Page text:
My clients know what I mean by a ‘chocolate moment’: the time everyone should spend doing something good for themselves. Chocolate moments are important for the preparation of a coaching interview, as an awareness exercise in resilience training – but also for successful employee discussions in companies.
Gaining additional energy with ‘chocolate moments’
When I ask the question “what gives you energy?”, it quite often turns out to be the first time that an astonishing number of people actually deal with that topic and other issues like: What builds up my energy, what breaks it down? How many times a day do I get the chance to recharge my batteries? Am I aware of the appointments or meetings that tend to drain my energy? How do I ensure that I have enough energy to be able to walk upright at the end of energy-consuming conversations or activities?
What charges the energy stores?
Knowing what’s good for you is generally important. It is often the small details that can be easily incorporated into a normal working day. Is it fresh air? Then you can easily think about moving an appointment to another building so that you have to take a short walk to get there. Is it music? Then you can put your headphones on and listen to your favourite playlist during more routine work. Or is it really a piece of chocolate? This pleasure should then be celebrated in order to achieve the desired effect.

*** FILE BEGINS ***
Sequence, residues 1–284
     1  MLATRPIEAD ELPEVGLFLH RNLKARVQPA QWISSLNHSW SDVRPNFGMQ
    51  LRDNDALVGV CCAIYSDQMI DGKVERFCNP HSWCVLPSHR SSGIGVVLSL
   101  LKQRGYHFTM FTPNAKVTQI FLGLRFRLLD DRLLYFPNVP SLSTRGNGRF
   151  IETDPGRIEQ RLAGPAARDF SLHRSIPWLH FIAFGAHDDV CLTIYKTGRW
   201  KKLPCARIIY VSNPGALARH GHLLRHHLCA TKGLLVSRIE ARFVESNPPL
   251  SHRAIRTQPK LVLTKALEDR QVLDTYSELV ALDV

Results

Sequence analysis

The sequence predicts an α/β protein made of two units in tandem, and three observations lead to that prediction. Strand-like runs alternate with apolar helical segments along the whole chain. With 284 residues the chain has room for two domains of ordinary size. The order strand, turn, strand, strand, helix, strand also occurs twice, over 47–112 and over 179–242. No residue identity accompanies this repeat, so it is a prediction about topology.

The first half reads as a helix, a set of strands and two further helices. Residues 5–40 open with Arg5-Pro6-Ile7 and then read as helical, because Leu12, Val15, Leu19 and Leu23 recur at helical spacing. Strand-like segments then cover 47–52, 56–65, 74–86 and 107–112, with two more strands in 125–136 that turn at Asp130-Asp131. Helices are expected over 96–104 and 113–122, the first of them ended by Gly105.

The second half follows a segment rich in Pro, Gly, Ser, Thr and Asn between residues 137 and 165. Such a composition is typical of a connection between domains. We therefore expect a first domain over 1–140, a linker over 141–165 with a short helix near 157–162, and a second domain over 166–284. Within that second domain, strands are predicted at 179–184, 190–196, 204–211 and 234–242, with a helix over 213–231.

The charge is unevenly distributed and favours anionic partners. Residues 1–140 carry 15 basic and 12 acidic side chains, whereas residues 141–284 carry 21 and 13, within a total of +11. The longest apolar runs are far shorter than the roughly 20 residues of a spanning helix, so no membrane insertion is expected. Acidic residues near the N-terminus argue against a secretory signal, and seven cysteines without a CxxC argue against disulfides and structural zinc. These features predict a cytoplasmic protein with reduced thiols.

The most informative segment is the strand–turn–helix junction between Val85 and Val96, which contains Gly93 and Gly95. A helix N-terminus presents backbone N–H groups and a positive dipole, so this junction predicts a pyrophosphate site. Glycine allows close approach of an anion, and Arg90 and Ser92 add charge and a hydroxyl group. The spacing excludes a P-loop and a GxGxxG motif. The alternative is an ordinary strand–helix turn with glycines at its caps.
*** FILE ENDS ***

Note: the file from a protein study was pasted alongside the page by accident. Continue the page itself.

But sometimes it’s completely different things that make us recharge our batteries. Good conversations with colleagues. A successfully presented pitch. A smile. It is important that we are aware of what is good for us. Only in this way can we actively ensure that our energy level is always where we would like it to be.
Recognize and consciously use energy boosters
If managers are aware that everyone has an energy booster, this can be incorporated into employee appraisals. This can change the course of a development discussion. Energy boosters are not so much about true talent as about activities that an employee simply enjoys doing – whether perfect or not. In every company there are activities in which the joy of implementation counts more than perfection. These times can be deliberately reserved for ‘chocolate moments’. Perhaps the CFO might enjoy making a proposal for a wall design. Or the marketing manager can suggest meals for the canteen. Or the production manager might be enthusiastic about designing a new training program for the management team.
Mind you, this is not about permanently changing something in the relevant areas of responsibility. The aim of the ‘chocolate moments’ is to offer short-term energy boosters – based on what gives the respective employees energy. You can put these moments at the service of the company. Would you like creative mental support? I can get on it right away!